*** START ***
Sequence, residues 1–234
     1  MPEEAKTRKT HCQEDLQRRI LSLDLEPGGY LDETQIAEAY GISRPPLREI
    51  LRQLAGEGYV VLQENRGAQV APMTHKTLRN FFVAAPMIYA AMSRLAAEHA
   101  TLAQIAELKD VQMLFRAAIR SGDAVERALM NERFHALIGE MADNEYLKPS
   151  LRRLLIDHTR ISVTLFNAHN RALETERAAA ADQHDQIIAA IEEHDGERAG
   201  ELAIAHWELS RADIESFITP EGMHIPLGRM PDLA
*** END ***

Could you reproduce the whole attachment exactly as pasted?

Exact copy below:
Sequence, residues 1–234
     1  MPEEAKTRKT HCQEDLQRRI LSLDLEPGGY LDETQIAEAY GISRPPLREI
    51  LRQLAGEGYV VLQENRGAQV APMTHKTLRN FFVAAPMIYA AMSRLAAEHA
   101  TLAQIAELKD VQMLFRAAIR SGDAVERALM NERFHALIGE MADNEYLKPS
   151  LRRLLIDHTR ISVTLFNAHN RALETERAAA ADQHDQIIAA IEEHDGERAG
   201  ELAIAHWELS RADIESFITP EGMHIPLGRM PDLA